In another aspect the invention provides a receiver for receiving a television signal comprising video data defining a video picture and information data defining information relating to user selectable services, the receiver being arranged to produce output signals defining an image representing available services for display on a television screen, the receiver comprising a user operable selector operable to select a displayed service and a modem responsive to such user selection for establishing a connection via a telephone line to a provider of the selected service.
In a further aspect the invention provides a receiver for receiving a television signal comprising video data defining a video picture and message data defining messages or information to be received by a destination specified by an identity code, the receiver being arranged to produce output signals defining the video picture for display on a television screen, the receiver having a unique identity code and being arranged to respond to reception of message data having an identity code corresponding to the unique identity code by producing output signals representing the message or information in the message data for display on a television screen.
The above and further features of the invention are set forth with particularity in the appended claims and together with advantages thereof will become clearer from consideration of the following detailed description of an exemplary embodiment of the invention given with reference to the accompanying drawings.
In the drawings:
Referring now to
Signals from the dish antenna 4 are input to a tuner 12 and from there to a quadrature phase shift key (QPSK) demodulator 13. Demodulated signals are error corrected by way of a forward error corrector circuit 14. Data from the forward error corrector circuit is supplied to a transport/demultiplexer 15 which separates the data into video data, audio data, user services data, programme scheduling data, etc. for distribution to various locations within the decoder. Satellite (and indeed cable) programmes are usually scrambled to prevent unauthorised access by non-authorised subscribers. The decoder 3 therefore comprises a conditional access control circuit 16 which cooperates with a smart card 16 a to determine whether the viewer has subscribed to a particular channel and is therefore authorised to access the channel. Parental control over channel access is also provided, at least in part, by the access control circuit 16. The decoder 3 further comprises a descrambling circuit 17 which is controlled by the access control circuit 16 to enable the descrambling of the signal by authorised subscribers.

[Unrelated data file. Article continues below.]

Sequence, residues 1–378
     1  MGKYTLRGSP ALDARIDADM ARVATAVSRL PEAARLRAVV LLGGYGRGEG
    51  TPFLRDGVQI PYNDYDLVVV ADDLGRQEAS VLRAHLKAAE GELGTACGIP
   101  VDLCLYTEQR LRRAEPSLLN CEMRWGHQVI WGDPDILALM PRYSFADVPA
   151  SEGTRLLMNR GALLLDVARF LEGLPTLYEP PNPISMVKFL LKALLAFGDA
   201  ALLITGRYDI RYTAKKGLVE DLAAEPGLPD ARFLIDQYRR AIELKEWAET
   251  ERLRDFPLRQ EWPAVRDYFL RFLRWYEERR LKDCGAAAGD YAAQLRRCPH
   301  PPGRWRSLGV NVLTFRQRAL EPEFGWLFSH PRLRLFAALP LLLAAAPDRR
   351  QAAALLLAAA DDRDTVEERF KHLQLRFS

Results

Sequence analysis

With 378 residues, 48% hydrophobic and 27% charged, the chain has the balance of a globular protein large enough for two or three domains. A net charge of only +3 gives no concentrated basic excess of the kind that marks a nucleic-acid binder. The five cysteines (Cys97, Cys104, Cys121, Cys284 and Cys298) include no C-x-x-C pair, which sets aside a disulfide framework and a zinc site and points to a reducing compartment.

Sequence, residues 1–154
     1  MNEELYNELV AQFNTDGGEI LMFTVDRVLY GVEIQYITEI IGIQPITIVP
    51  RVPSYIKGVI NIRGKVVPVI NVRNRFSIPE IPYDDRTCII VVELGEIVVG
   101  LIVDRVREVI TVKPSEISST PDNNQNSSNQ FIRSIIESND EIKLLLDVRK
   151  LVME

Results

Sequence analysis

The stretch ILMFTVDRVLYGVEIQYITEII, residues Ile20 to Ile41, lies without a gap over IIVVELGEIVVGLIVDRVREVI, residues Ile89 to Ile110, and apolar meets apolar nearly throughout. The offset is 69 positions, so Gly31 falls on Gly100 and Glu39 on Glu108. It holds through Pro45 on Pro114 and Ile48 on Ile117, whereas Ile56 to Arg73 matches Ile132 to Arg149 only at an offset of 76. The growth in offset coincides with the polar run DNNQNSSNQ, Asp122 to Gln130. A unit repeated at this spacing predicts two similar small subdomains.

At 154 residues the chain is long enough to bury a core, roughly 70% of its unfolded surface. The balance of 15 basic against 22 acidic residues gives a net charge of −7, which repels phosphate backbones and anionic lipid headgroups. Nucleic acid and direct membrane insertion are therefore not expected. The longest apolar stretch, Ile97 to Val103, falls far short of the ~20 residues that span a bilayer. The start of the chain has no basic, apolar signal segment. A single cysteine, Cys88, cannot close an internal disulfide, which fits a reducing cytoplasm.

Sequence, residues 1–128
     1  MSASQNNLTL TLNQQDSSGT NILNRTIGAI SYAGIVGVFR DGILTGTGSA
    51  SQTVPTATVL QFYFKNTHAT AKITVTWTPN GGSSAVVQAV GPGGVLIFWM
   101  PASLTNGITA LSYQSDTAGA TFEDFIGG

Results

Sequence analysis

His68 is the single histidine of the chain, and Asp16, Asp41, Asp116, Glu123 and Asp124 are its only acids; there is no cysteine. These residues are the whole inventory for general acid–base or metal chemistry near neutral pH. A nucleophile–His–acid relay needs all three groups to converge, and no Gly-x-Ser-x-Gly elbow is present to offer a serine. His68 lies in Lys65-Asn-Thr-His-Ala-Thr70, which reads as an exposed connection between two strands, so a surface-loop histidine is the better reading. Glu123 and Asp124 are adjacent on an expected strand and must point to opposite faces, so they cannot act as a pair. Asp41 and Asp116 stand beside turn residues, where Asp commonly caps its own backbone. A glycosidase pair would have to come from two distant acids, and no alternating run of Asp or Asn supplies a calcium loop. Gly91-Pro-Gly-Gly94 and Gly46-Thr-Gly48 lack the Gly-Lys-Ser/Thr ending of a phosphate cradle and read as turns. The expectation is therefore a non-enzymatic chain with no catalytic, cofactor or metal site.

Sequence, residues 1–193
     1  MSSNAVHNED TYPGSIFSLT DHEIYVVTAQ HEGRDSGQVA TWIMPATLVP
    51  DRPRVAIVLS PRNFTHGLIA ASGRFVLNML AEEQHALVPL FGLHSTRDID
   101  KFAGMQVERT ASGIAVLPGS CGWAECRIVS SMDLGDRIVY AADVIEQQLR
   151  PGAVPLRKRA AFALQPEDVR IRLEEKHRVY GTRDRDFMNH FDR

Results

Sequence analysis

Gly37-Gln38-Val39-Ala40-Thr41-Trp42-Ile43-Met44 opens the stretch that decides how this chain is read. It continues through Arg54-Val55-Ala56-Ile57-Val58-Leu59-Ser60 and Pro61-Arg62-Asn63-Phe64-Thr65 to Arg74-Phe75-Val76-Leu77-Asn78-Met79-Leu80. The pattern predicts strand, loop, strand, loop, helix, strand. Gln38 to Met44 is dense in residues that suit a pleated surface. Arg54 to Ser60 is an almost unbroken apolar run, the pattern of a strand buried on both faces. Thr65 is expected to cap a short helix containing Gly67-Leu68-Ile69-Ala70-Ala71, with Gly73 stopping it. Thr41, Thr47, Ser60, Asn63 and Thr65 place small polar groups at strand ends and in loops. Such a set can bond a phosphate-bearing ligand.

The received signals comprise digitally encoded data. It is envisaged that the data will be compressed using for example the MPEG 2 standard which permits both programme data and additional data (for example customer service data) to be transmitted in a single channel. MPEG 2 enables high compression ratios to be achieved.
Descrambled signals from the descrambling circuit 17 are input to a video decompression and processing circuit 18 and an audio decompression and processing circuit 19, operating according to the MPEG standard for example. Decompressed video signals are input to a SCART interface 20 for direct input to the TV 2 and to a PAL encoder 21 where they are encoded into the PAL format for modulation by a UHF modulator 22 for output to the UHF input of the TV if so desired.